Cholera-Hit Haiti Braces for Looming Storm

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Agence France Presse

Cholera-Hit Haiti Braces for Looming Storm

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Haiti reeled from a spike in cholera deaths as authorities planned mass evacuations from squalid tent cities ahead of a major storm set to lash the Americas' poorest nation beginning Thursday. (AFP/Thony Belizaire)

PORT-AU-PRINCE - Haiti reeled from a spike in cholera deaths as authorities planned mass evacuations from squalid tent cities ahead of a major storm set to lash the Americas' poorest nation beginning Thursday.

Tropical Storm Tomas was barreling toward Haiti, threatening a direct hit early Friday as a hurricane bringing "life-threatening flash floods and mudslides over mountainous terrain," according to the US National Hurricane Center (NHC).

A hurricane warning was issued, which means hurricane conditions are expected in the affected area within 24 to 36 hours, while tropical storm-force winds and rain were expected to buffet the Caribbean nation from late Thursday.

"These conditions make outside preparations difficult or dangerous, and preparations to protect life and property should be rushed to completion," the Miami-based center warned.

To communicate his sense of urgency, President Rene Preval set out on a nationwide tour to get people living in high-risk areas to evacuate, as authorities closed schools and urged locals to relocate to safer ground.

"We have decided to shut schools temporarily ahead of the storm, because some of them will be used for shelters," explained Miloudy Vincent, a top aide to the education minister.

But it won't be easy: some of the 1.3 million already displaced residents of tent cities do not want to leave without guarantees of safe shelter.

At one of the largest camps, Corail Cesselesse, residents were already gearing up to protest Thursday against being forcibly relocated.

Much of Haiti's population of just under 10 million is vulnerable and exposed in a country dominated by mountainous erosion-prone terrain. Many live beside rivers, their main water source, but risk being swept away in storms.

International partners raced to get much-needed supplies, as US naval commanders ordered the USS Iwo Jima to Haiti with humanitarian aid.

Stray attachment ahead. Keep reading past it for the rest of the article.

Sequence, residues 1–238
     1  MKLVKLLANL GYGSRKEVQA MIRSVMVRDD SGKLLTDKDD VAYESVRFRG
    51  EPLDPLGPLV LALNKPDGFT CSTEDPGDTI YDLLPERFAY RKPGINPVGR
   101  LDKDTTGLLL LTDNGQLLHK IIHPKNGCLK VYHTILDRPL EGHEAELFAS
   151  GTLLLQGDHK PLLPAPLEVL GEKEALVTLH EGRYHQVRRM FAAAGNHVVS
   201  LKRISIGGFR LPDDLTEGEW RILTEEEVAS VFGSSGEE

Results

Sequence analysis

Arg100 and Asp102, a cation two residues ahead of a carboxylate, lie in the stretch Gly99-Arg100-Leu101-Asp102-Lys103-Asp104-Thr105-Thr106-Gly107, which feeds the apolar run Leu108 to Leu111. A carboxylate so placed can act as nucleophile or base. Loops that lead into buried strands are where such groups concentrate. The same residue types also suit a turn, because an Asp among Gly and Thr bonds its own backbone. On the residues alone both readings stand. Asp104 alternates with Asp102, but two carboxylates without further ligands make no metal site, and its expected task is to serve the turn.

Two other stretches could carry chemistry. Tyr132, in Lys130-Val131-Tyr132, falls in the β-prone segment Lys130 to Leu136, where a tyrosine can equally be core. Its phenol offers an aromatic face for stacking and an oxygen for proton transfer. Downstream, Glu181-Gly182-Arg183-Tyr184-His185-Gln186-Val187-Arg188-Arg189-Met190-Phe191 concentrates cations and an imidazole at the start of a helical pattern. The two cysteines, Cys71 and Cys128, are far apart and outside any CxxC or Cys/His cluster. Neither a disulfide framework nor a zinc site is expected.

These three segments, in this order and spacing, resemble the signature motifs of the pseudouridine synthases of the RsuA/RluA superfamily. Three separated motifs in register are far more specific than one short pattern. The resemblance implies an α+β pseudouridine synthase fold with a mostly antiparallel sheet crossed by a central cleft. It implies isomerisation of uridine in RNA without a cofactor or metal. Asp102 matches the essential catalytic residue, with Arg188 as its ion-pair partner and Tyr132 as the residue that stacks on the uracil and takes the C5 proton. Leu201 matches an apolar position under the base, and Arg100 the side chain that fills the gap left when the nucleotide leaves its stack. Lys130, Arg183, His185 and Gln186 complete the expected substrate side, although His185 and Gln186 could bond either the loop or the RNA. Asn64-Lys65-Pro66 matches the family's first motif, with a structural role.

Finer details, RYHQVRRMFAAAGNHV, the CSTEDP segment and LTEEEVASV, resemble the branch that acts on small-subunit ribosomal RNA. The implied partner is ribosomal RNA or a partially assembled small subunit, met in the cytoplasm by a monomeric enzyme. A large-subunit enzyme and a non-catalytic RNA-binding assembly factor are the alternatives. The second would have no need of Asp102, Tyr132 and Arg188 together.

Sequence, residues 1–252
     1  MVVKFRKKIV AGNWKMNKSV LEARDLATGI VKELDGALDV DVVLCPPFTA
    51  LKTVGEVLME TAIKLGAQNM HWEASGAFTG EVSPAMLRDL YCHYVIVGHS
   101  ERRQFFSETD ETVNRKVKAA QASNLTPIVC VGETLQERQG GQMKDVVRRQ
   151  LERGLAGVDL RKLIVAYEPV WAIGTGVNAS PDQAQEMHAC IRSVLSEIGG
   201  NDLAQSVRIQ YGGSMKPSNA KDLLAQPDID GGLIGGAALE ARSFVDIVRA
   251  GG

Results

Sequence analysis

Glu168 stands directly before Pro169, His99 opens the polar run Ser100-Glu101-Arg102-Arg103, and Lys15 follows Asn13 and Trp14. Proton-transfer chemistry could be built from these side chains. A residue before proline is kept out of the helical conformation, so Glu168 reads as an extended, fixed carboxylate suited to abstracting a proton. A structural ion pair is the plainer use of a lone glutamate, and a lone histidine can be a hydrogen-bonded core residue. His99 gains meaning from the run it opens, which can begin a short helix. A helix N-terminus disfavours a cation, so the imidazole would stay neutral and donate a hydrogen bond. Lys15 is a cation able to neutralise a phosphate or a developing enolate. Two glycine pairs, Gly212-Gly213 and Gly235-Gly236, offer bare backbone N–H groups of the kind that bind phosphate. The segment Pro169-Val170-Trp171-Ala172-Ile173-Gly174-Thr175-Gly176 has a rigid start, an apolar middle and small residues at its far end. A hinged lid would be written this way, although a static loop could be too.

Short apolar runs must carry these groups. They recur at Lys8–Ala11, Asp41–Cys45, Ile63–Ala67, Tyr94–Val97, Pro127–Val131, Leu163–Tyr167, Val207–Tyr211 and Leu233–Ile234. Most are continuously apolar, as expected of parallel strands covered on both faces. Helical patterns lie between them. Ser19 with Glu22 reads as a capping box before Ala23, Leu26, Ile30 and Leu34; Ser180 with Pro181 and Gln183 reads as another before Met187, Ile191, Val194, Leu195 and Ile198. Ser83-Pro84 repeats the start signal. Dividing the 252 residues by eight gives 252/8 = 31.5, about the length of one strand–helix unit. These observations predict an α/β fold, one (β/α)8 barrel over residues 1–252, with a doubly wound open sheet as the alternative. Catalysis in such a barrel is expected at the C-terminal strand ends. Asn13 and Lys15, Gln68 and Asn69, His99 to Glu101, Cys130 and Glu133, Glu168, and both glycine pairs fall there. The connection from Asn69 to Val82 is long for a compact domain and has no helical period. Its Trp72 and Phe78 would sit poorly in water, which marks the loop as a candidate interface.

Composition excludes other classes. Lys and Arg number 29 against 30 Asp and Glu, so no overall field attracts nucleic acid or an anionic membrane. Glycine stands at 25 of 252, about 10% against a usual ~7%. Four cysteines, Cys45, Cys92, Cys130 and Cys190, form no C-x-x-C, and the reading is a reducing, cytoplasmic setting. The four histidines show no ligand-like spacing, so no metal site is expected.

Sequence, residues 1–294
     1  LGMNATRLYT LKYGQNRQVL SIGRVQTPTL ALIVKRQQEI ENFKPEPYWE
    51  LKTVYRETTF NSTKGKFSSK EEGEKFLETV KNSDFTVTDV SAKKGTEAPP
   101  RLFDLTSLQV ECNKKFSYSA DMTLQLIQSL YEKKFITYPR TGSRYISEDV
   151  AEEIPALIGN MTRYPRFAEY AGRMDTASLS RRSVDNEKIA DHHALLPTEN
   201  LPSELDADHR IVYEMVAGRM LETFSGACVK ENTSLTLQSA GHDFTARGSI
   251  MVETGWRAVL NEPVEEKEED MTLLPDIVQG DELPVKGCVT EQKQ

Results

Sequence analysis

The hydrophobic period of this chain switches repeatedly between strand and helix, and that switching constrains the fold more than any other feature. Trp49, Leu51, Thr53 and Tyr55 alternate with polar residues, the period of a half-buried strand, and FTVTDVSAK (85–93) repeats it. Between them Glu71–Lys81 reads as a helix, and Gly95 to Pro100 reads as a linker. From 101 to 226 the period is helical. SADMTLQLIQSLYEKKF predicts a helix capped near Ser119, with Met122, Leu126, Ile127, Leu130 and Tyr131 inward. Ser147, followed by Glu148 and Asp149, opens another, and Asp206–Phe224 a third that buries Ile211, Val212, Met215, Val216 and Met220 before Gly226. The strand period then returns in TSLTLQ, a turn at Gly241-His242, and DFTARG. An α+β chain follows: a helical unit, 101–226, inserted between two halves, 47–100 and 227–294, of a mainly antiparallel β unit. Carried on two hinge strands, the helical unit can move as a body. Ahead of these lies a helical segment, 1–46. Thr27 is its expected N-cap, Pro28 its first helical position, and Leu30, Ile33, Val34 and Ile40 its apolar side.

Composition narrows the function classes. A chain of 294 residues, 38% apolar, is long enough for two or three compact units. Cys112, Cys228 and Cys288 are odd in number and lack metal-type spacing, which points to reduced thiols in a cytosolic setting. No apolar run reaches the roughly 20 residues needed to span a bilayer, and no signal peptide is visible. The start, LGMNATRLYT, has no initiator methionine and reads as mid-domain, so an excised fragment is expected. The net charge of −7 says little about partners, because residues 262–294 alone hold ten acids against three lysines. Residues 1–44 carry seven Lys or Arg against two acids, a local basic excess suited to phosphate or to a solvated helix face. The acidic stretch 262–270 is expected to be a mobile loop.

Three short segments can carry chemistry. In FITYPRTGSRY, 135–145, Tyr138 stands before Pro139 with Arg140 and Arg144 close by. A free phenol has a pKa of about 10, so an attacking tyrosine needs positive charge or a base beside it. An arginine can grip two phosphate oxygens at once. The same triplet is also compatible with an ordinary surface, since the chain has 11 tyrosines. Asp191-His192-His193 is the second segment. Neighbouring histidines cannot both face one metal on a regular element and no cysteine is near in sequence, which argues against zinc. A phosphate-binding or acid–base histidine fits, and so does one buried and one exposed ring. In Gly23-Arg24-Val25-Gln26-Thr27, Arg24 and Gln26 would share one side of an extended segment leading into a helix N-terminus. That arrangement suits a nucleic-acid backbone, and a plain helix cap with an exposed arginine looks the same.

The amphibious ship is equipped with 10 helicopters and a crew of 1,600, including medical and engineering teams ready to assist in relief efforts after the storm strikes.

A cholera epidemic meanwhile is spreading in unsanitary camps for people still homeless after the massive earthquake that struck the impoverished nation in January. The epidemic has claimed 442 lives so far, with a total of 6,742 cases.

At 0600 GMT, Tomas was churning in the Caribbean about 490 kilometers (305 miles) southwest of Port-au-Prince with maximum sustained winds of 75 kilometers (45 miles) per hour, the NHC said, noting the storm would strengthen further until it likely becomes a hurricane on Friday.

It was moving in a northwesterly direction at 11 kilometers (seven miles) per hour but was expected to turn to the north and northeast toward Haiti.

A hurricane watch was in effect for the southeastern Bahamas and the Turks and Caicos Islands, while tropical storm watches were issued for parts of the Dominican Republic -- which shares Hispaniola island with Haiti -- Jamaica and Cuba.

Tomas was expected to dump as much as 38 centimeters (15 inches) of rain over the Dominican Republic and Haiti.

Haiti's poor infrastructure was likely to exacerbate any hit from Tomas, and has already been blamed for worsening health hazards.

There namely are not enough ambulances to bring people to hospital during the cholera outbreak, which is threatening some 25,000 new mothers and their babies in and around the capital, according to international aid group Save the Children.

The World Health Organization has warned the outbreak is far from over and Haiti should prepare for the "worst-case scenario" -- cholera in the capital.

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